In order to receive research funds, a respective research project application is necessary, which must first be reviewed and can only then be granted with a certain degree probability. Such applications are laborious, and the allocation of funds cannot be foreseen. Such applications also involve initiating collaborative projects, as my work often involves interdisciplinary projects which require the special expertise of cooperation partners. This is a daily challenge, as all the employees of my working group must be financed in this fashion. Continuity of staff is an important issue for me, as it directly influences the success of a project. Likewise, thesis work (bachelor, master, diploma and doctoral theses) is an important pillar for research projects.

What motivates students/graduates? Are they interested in replacement methods?

Dr. Stefan Fennrich: The motivation I see in young students and graduates to work on developing replacement methods is fundamentally high. In my lectures I explain what it means to work in our team. So far there have always been students interested in thesis work.

What are the training prerequisites for graduates/young scientists? Must more be done for education in the area of replacement methods?

Dr. Stefan Fennrich: I believe that a lot of research and development is done without identifying or even recognizing the potential of the replacement method. I regard pointing this out and integrating it into education as a good chance for raising awareness and understanding of the topic and to encourage thought.

What is your perception of the current efficacy of replacement methods?

Dr. Stefan Fennrich: Fundamentally, in vitro methods compete with in vivo methods, especially where legally regulated experiments are concerned. Seen in historical terms, the in vivo methods have become a so-called “gold standard”, according to which the replacement method is judged, regardless of however deficient the standard may be. PyroDetect as an in vitro pyrogen assay has a historical chance to replace the rabbit test in the foreseeable future, making history with regard to drug safety and animal protection.

What is your opinion on the financing of replacement methods, if the boundaries between pure science and applied research no longer exist?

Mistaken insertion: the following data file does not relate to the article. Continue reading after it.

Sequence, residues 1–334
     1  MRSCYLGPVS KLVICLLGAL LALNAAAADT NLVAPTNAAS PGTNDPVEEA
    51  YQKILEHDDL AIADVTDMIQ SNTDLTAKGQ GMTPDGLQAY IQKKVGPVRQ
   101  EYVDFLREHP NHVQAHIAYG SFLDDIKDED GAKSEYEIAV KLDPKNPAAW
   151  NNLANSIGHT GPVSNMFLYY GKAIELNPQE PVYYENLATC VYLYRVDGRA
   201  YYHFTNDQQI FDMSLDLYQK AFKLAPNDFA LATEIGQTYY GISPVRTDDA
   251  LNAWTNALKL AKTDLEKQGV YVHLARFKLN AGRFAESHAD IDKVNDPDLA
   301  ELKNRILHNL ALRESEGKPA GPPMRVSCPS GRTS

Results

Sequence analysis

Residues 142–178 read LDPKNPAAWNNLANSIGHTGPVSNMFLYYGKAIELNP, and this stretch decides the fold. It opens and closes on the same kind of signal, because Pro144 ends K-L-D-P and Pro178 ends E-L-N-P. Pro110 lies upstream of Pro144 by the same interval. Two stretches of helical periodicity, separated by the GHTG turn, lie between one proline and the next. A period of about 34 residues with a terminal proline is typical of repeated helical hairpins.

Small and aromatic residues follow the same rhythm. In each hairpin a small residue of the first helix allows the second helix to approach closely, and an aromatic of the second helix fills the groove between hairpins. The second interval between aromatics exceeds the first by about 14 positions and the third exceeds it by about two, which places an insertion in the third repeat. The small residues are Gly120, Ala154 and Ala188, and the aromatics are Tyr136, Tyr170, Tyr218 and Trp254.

Dr. Stefan Fennrich: We shouldn’t think within limits and stake our claims! Fundamental research is necessary and leads sooner or later to applications. Each success begins with a first step, no matter how small it be or how long the road. So if boundaries between fundamental and applied research are dwindling, that means that successful applied developments such as replacement methods become more and more probable. Replacement methods should be funded generously.

Dr. Fennrich, thank you for the interview.


GMP (Good Manufacturing Practice) is a set of guidelines for quality assurance in drug and pharmaceutical production processes and settings, but also in foodstuff and animal feed production. In pharmaceutical manufacture, quality assurance plays a central part, as quality deviations can directly affect consumer health. A GMP standard quality management system can be used to guarantee product quality and the fulfilment of mandatory health authority requirements for marketing such products (clearance).

GLP is a quality system which includes the organisational process of tests, the framework conditions according to which the tests are planned, carried out and monitored, as well as documentation, reporting and archiving of these tests. GLP is required for examinations of toxicity, ecotoxicity, mutagenity, environmental reactions and bioaccumulation, residues, effects on mesocosms and natural ecosystems, physiochemical and analytical chemical properties, as well as other properties subject to precise definition. GLP was first introduced in 1978 by the United States for animal experiments mandatory for drug approval. Today, GLP guidelines are prescribed worldwide and must be applied at least for tests for the approval of drugs, medical devices, and industrial and agricultural chemicals.

GLP certification
If a laboratory has integrated all required elements according to GLP and also applies these elements, it can be certified. It is then published in the list of GLP laboratories, both domestically and within the OECD.

Limulus amoebocyte lysate assay (LAL)
In the seventies of the twentieth century, a first in vitro assay for proof of endotoxins and thermostable cell wall fragments of Gram-negative bacteria and blue green algae was developed. The test is based on the observation that an infection of a horseshoe crab (Limulus polyphemus) with gram negative bacteria leads to blood clotting. This is the result of a reaction between the bacterial endotoxin and a gel-forming protein in the animal’s blood cells.
For LAL-testing, a lysate must be gained from the blue blood of the horseshoe crab. The lysate carries the gel-forming protein as an inactive precursor (inactive proenzyme). The addition of the endotoxin induces the transformation of the precursor to the active enzyme. The active enzyme reacts with a special colourless synthetic substrate (peptide) which then changes to yellow. Subsequently, the enzyme activity can be determined by a photometer.

From an ethical point of view, the LAL assay must be judged critically. In the United States, 30 000 horseshoe crabs die each year for the test. Sampling from nature leads to a decline of the natural population, resulting in an ecological imbalance within its natural habitat.

Bachinski, R. et al. (2010): Criticism of the LimulusAmoebocyte Lysate (LAL) test as an replacement method of the rabbit pyrogen test (RPT) and environmental health implicyations. Altex Abstractband ESTIV - EUSAAT- Tagung Linz 2010.

Also so referring to 3R-Principles: